I’ve been a huge fan of Tex Avery since I was a small child. I spent most of my childhood cutting my teeth on animation from masters like Bob McKimson, Chuck Jones, Tex Avery, and the Fleischer Brothers, and Avery always had his own unusual style. For years he worked at Warner producing the Looney Tunes shorts, and produced some of his best work at MGM Studios. Avery’s work is bizarre, innovative, and so absolutely funny that they still manage to produce laughter just as much as the classic Looney Tunes.
This year, Warner released two whole (long overdue) volumes of uncut, unedited Tex Avery shorts on Blu-Ray for animation fans and collectors alike. In celebration of that release, I thought I’d list five of my all time favorite Tex Avery shorts, most of which were produced with MGM Studios.
Are there any shorts from Tex Avery that you love that I didn’t list? Let us know in the comments!
Screwball Squirrel (1951)
It’s a shame that Screwy Squirrel has only been in six shorts, as he is one of my favorite animated foils. He’s fallen in to obscurity and oddly never caught on like Tom and Jerry, or even Droopy. He’s a funny kind of cartoon hero with a great sadistic bent who pretty much defies the fourth wall in every short he’s in. He’s basically Bugs Bunny but if he was a squirrel and looked like Karl Malden. I mean his catchphrase (“Hel-lo!” *sniffs*) isn’t exactly “What’s Up Doc?” but damnit, he’s funny! In his first outing, he takes on a goofy dog and delights in tormenting him as the dog attempts to hunt him. Screwy Squirrel is such a bizarre creation by MGM and Avery and I wish we’d have seen so much more from him.
T.V. of Tomorrow (1953)
It’s funny and horrifying how prophetic this short was. Centered on the newfangled technology called Television and how much it would change in the future. “TV of Tomorrow” is about the many ways we’ll watch television and help feed our obsession for the tube. The short is heavy social satire meant to be taken as completely comedic and ridiculous. Then you hear the narrator say: “In the future, homes will be built around the television” and you realize just how much this short predicted the future. It also predicted portable TV’s, interactive TV, cable TV, and even TV that can skip commercials. Like many Tex Avery shorts, the humor is over the top, mixes live action with the animation, and is still absolutely hysterical. It’s also filled to the brim with sight gags.
Magical Maestro (1952)
Taking this short in to the context of its time period is best when approaching it. It’s an absolutely hilarious and zany Avery short, but one sadly packed with horrible racial stereotypes. That said, the short involves an opera singer named The Great Poochini who crosses an out of work magician named Mysto when he refuses to hire him. Getting revenge, Mysto uses his magic wand to sabotage the opera performance, transforming the singer in to various characters like a hula dancer, and can can dancer. Save for some uncomfortable detours (including a minstrel show gag often censored on cable TV for years), “Magical Maestro” is hysterical and includes so much of Avery’s crack comic timing and brilliant animation. It’s a childhood favorite that I never tire of.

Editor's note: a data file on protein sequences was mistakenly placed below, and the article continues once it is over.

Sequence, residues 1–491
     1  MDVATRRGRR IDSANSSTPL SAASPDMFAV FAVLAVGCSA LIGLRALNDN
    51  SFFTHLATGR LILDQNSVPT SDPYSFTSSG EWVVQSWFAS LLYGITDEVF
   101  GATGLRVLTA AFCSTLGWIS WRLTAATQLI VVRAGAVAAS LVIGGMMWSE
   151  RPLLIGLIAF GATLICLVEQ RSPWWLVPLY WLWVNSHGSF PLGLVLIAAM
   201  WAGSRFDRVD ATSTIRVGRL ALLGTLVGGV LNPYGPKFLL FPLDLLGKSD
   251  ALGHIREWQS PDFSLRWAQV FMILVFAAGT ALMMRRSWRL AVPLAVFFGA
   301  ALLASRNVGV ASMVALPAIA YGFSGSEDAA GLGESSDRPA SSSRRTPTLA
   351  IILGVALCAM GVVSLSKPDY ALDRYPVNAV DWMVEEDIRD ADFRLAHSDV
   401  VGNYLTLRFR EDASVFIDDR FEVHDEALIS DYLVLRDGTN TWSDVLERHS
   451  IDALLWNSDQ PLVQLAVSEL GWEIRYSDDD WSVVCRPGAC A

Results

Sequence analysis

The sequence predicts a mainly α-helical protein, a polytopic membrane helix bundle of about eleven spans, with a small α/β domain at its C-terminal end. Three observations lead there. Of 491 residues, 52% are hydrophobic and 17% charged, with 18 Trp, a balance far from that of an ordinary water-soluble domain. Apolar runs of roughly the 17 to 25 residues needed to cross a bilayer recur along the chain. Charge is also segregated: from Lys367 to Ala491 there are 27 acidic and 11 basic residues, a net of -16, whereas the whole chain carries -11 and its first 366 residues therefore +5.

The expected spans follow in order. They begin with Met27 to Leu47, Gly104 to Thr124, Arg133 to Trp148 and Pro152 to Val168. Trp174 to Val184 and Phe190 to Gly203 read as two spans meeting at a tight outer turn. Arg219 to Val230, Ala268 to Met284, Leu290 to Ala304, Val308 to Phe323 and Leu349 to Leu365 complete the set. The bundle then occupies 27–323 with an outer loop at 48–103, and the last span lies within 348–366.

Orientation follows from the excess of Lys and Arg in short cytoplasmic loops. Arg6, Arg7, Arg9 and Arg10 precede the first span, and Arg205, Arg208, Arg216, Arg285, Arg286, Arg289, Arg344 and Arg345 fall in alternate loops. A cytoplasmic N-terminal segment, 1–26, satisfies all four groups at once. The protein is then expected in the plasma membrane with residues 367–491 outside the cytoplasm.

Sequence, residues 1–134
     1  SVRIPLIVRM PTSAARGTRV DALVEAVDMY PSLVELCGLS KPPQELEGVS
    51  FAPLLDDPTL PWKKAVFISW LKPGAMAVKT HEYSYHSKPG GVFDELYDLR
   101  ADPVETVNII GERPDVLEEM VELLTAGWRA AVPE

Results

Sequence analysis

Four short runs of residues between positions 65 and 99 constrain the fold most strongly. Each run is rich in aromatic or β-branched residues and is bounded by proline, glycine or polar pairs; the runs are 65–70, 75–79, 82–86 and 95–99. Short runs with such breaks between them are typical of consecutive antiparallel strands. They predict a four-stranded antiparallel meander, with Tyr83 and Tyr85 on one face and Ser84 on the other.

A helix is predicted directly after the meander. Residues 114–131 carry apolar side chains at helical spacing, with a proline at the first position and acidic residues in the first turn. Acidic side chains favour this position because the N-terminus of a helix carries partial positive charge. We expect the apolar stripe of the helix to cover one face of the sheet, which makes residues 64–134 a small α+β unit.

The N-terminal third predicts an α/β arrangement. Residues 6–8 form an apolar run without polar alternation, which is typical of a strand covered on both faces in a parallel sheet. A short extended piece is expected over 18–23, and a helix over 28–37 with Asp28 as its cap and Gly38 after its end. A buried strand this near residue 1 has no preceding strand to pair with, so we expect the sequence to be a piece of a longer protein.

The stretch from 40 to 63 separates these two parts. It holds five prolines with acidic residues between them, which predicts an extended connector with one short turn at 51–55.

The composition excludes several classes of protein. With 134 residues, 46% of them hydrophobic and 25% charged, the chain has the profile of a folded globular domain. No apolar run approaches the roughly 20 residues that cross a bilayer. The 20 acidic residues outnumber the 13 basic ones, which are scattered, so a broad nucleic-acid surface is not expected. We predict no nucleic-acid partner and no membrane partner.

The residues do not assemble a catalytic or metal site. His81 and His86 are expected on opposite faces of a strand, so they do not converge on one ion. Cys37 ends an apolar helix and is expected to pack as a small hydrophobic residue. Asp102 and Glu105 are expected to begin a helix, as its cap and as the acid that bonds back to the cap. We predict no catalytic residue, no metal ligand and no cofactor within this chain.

Symphony in Slang (1951)
“Symphony in Slang” is my introduction to Tex Avery. It’s the short I first watched when my cousin brought over his VHS of Tex Avery MGM shorts. Suffice to say I’d never seen anything like “Symphony in Slang” before, and I recall sitting through it just dumbfounded but laughing almost non-stop. If you’re a fan of sight gags, “Symphony in Slang” has it in spades. Focusing on a young man named John Brown who arrives at the gates of heaven, he recalls his life before dying to St. Peter, but his use of slang forces St. Peter to interprets his story in a very, very literal sense. Stuff like “Combing a beach” and “The Cat Had her Tongue” results in asides that’ll leave you in stitches.
Who Killed Who? (1943)
“Who Killed Who?” is the ultimate Tex Avery cartoon for me. It’s a brilliant parody of whodunit thrillers, packed with sight gags and double entendres, and even mixes live action with animation as he had a habit of doing. “Who Killed Who?” involves an old wealthy man who is mysteriously “bumped off” in his mansion. When an inspector comes to investigate who did it, he begins chasing the hooded killer and runs in to all sorts of traps and obstacles. Some of my favorite include the closet of skeletons, a rapid firing gun that pants, and a great fourth wall breaking gag where the inspector smashes a theater goer attempting to go to the bathroom. Book ended with a hilarious final scene, this is easily the quintessential Tex Avery short.